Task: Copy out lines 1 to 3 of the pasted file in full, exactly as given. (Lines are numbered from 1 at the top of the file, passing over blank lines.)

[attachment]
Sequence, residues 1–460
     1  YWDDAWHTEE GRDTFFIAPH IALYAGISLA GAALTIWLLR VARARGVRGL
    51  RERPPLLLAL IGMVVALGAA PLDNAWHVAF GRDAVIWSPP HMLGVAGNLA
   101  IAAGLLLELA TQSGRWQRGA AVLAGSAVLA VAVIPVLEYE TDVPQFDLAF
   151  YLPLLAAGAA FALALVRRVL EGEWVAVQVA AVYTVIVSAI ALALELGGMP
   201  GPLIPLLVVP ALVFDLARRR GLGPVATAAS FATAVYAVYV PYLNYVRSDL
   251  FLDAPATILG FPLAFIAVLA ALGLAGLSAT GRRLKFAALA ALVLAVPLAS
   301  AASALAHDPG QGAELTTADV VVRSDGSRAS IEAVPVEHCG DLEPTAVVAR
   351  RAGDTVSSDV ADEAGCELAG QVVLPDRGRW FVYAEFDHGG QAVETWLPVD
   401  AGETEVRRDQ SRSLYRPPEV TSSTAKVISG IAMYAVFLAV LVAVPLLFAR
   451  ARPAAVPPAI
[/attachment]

Sequence, residues 1–460
     1  YWDDAWHTEE GRDTFFIAPH IALYAGISLA GAALTIWLLR VARARGVRGL
    51  RERPPLLLAL IGMVVALGAA PLDNAWHVAF GRDAVIWSPP HMLGVAGNLA